The course also addresses one of our long-standing goals, sharing IT “Best Practice” with existing staff. Our IT induction programme achieves this for new starters; we advise them where to store documents, alert them to issues around account security and share practical tips for managing email. But up until now there has been no avenue for sharing this advice with existing staff – Working with Windows 10 allows us to do that. Hopefully staff will view the software upgrade as an opportunity to adopt Best Practice, and will finally find time to move their documents from hard drives to OneDrives!

The training will be available as an e-learning module, created using the excellent Adapt Builder and as a face-to-face course. Staff will be required to complete one form of training as part of their upgrade to Windows 10.

If you are interested in finding out how the training is received, I’ll be running a webinar for the community towards the end of the year, keep an eye on the Events page for details. In the meantime if you have any thoughts or comments, please share them below or catch me on Twitter @GarethPJohns

Digital transformation in action

Sara Somerville

 

Sara Somerville
Information Solutions Manager
University of Glasgow

 

AIIMing to get the best out of an amazing opportunity

As an information professional working in an IT department and providing document management solutions and services across the university, I have always found AIIM (Association for Information and Image Management) the best professional fit for my mix of skills. The one-day AIIM UK roadshow) (held in London every year) always proves illuminating. It offers a great selection of practical case studies and keynotes, alongside an exhibition comprising a wide range of enterprise content and document management technology vendors. Finding out about UCISA’s bursary scheme last year opened up the amazing possibility of being funded to attend the much bigger AIIM International conference held over three days in the US.  I was absolutely delighted when I heard that my application was successful!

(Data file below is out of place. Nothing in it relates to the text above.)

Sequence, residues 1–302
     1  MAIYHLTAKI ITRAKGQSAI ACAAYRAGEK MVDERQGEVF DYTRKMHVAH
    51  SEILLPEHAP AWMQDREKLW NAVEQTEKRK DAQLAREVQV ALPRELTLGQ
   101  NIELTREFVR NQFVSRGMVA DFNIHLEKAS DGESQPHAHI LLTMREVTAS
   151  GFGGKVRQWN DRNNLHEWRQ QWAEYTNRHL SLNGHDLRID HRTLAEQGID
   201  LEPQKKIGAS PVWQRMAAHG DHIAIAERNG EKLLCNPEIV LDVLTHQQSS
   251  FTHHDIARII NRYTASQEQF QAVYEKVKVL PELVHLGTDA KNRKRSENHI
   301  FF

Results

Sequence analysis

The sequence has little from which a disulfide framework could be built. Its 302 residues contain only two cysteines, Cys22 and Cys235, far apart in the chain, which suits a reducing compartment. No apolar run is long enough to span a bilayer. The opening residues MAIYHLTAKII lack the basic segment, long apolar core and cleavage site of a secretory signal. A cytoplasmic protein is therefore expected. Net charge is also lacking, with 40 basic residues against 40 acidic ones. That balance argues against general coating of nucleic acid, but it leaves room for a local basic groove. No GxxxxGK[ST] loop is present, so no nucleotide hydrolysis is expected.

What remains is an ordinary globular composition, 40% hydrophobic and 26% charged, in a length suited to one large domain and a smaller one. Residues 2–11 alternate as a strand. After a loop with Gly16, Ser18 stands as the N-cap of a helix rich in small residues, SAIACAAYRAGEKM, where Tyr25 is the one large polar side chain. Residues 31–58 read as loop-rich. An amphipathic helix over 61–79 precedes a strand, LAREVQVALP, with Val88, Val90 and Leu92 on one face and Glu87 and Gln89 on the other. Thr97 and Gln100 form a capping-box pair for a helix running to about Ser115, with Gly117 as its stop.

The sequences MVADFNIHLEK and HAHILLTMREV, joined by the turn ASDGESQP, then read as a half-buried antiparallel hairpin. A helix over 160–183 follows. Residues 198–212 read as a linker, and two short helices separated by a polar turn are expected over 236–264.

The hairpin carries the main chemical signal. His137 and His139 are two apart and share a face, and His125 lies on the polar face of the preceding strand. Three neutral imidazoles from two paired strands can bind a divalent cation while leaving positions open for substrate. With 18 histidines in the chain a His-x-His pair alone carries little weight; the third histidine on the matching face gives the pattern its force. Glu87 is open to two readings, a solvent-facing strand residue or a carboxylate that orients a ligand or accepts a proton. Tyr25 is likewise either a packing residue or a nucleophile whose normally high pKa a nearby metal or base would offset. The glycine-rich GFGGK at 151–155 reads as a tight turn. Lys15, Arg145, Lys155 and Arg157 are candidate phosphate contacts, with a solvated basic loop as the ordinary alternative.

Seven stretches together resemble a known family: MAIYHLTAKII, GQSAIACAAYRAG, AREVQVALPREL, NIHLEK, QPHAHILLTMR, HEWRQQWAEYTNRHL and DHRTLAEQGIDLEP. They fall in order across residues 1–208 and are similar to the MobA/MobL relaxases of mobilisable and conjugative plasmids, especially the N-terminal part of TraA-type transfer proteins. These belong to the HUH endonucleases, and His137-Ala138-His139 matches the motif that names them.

This year the AIIM conference is being held in New Orleans from 26-28 April, with the added bonus of being sandwiched in between the two weekends of the Jazz festival. The title of this year’s conference is ‘Digital Transformation in Action,’ and the themes centre around automating business processes, protecting and securing information with governance, and gaining insight to better engage customers and employees. As with the UK event, there is a good mix of keynotes, panel Q&As, round table discussions, and real-life case studies, alongside the exhibition by technology vendors.

Like many other institutions, my university is addressing issues around information governance and management at an enterprise level, including the retention and deletion of data across business systems. With the provision of a wide range of on- and off-site services, and the increase in the use of personal mobile devices, the current challenge for the university is ensuring its data is stored in the right way while remaining accessible over the longer term.  I’m hoping the conference will provide some new and interesting insights into tackling these issues, and give me additional skills and knowledge to enhance my current involvement in improvement projects regarding corporate business process.